Tuesday, March 31, 2009

Monday, March 2, 2009

To Sleep, Perchance to Dream (without nighttime visitors)

We have  -- finally – reclaimed our bed. Nearly four and a half years into our parenting journey, we can finally be assured that – at least on most nights – it will only be the two of us (well, and two dogs) in bed.

It is, at least for me, a bittersweet victory. There is something incredibly cozy about having a child snuggled against you, their deep breaths lulling you to sleep (at least until you get the foot in the stomach when they turn over).  

And, I suppose, for me there has also always been a kind of peace of mind that comes with having my children within arms reach – the knowledge that none of those things that go bump in the night will claim them. Perhaps a silly thought, but I have to admit that if I wake in the middle of the night and the baby monitor sounds too quiet, I lay there waiting for a sound to assure me that they’re safe and well before I turn back over to sleep.

But with Ashley approaching five (yikes!!), it seemed time to end her nightly forays into our bed. And with Luke occasionally joining her, the bed was becoming increasingly crowded.

When we first told Ashley that we felt she needed to begin sleeping all night long in her own bed, my skilled negotiator replied, “I have a better idea.” She proposed that she sleep on the floor of our room.

I initially thought this seemed a good compromise. That is, until I realized that my daughter’s “better idea” was really an effort to maintain a claim to her spot in our bed. Some nights, she would crawl into bed saying that she wanted to rub my back. (She has mastered people skills and negotiation basics – along with a very literal interpretation of “I’ll scratch your back if you scratch mine”!). Other nights, she would carefully crawl into bed without waking me.

So after a couple of weeks trying out Ashley’s “better idea,” we explained to her that her pallet on the floor was going away and she would be sleeping in her room all night. And we prepared for several nights of argument.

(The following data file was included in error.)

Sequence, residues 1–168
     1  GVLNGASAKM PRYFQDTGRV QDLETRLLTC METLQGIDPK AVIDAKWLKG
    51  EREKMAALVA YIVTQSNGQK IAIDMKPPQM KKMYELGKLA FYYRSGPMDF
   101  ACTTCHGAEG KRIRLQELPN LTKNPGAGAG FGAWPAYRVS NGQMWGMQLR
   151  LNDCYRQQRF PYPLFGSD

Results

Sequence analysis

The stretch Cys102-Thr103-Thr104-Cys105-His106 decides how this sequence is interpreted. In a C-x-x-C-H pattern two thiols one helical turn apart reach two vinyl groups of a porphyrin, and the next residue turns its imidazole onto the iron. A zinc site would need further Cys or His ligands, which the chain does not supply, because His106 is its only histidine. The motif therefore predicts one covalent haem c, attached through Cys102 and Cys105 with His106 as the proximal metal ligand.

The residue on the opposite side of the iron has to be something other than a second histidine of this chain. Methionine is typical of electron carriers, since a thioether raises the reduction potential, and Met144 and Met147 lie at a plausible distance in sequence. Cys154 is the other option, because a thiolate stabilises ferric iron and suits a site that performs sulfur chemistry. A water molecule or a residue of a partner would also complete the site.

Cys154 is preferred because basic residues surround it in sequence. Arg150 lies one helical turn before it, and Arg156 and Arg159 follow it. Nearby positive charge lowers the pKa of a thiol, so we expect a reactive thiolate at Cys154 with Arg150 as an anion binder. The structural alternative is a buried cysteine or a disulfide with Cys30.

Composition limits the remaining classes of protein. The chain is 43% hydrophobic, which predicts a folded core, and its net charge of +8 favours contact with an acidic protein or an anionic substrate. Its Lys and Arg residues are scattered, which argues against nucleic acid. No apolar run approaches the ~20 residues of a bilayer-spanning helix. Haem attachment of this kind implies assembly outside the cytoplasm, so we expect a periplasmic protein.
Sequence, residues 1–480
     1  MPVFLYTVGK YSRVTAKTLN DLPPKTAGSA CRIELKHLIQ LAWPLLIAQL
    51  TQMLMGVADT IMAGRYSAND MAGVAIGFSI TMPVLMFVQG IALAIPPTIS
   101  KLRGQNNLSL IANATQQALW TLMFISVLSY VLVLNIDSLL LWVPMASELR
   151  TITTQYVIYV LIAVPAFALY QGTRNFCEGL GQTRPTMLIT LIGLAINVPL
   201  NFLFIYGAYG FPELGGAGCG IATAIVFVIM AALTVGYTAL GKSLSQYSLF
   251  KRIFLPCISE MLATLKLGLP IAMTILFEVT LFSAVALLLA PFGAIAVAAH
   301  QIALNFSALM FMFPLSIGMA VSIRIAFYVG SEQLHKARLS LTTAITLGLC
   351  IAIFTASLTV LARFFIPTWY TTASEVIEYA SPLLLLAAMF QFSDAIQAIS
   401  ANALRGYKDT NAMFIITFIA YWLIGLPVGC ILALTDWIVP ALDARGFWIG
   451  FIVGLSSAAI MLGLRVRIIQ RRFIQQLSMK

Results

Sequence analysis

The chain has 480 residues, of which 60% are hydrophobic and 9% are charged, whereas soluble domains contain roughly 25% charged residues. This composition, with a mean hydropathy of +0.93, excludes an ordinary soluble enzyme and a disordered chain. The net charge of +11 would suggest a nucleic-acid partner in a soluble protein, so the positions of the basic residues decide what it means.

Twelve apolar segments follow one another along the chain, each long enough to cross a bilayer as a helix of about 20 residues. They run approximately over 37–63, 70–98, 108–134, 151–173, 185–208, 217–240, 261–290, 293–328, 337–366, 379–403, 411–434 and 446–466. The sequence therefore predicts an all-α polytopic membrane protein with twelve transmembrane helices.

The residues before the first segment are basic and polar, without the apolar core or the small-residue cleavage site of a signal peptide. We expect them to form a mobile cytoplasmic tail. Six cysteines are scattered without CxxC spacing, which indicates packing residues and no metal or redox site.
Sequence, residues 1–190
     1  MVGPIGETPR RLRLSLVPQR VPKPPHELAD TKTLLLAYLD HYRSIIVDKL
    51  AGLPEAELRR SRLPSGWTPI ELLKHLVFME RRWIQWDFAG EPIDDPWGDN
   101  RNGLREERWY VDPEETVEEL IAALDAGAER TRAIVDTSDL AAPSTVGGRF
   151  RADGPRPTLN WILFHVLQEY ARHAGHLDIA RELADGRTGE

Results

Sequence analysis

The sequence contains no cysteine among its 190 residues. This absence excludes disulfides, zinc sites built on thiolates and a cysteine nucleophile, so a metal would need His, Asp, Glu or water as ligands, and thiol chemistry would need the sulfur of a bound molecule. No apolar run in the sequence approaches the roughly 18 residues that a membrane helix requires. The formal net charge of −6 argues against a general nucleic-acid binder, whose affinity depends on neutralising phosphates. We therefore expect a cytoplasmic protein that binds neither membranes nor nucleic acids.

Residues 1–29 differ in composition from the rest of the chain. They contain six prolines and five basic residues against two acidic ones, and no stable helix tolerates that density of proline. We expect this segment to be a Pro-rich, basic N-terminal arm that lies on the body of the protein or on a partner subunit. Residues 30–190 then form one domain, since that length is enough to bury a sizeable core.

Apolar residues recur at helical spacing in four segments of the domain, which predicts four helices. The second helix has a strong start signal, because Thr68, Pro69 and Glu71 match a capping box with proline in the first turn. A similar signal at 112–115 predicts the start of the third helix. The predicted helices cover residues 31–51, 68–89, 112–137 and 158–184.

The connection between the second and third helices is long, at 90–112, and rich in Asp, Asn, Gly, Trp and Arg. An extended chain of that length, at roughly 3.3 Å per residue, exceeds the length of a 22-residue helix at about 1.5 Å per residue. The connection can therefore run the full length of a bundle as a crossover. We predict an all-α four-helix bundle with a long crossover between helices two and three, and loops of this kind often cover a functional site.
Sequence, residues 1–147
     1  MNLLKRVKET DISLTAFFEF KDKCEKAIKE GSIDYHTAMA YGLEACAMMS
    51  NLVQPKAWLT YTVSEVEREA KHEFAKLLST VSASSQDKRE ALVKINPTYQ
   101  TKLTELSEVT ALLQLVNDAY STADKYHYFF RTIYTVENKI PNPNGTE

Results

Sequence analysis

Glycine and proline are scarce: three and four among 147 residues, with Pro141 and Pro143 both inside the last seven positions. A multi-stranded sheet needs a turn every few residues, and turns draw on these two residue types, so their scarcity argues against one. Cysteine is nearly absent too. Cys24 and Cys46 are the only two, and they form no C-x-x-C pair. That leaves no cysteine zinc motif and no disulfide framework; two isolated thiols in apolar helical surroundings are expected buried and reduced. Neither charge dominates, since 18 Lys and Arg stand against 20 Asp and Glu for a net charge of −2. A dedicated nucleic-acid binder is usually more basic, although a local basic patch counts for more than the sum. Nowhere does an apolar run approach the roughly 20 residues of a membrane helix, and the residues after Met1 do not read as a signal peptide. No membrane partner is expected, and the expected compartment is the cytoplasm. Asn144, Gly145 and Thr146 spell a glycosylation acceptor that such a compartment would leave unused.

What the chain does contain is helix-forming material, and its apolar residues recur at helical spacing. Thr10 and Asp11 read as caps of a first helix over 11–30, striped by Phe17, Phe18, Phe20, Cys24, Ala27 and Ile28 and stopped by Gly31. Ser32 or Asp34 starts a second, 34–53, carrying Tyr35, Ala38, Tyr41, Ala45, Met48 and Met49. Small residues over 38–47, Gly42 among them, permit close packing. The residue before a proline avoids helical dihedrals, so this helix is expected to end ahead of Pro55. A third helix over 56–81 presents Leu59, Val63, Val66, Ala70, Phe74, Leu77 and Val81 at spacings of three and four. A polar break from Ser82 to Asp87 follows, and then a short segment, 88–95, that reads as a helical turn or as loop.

It went better than we thought.  We endured one night with Ashley standing in the hallway screaming over and over, “Mommy, I need you. I can’t take care of myself.” Even in midst of my irritation with this 2 a.m. performance (did I mention that she’s a drama queen?), I found myself moved by what I suspect was an expression of the abandonment she felt at being banished from our bedroom.

Amazingly, after that night, she has accepted the new sleeping arrangements. She has negotiated the right to come into our bed in the morning for a quick snuggle before we get up, and we have carefully defined that “morning” means it is light outside. (“I know, Mommy,” she said to me in what I suspect is a tone she is practicing for adolescence.) 

So, on most mornings, a few minutes before the alarm goes off, she comes and snuggles next to me. Occasionally I wonder how long it will be before she decides she’s too grown up to do this, but mostly, I just enjoy those few moments before the day begins. Little does she know that I like those snuggles as much as she does.


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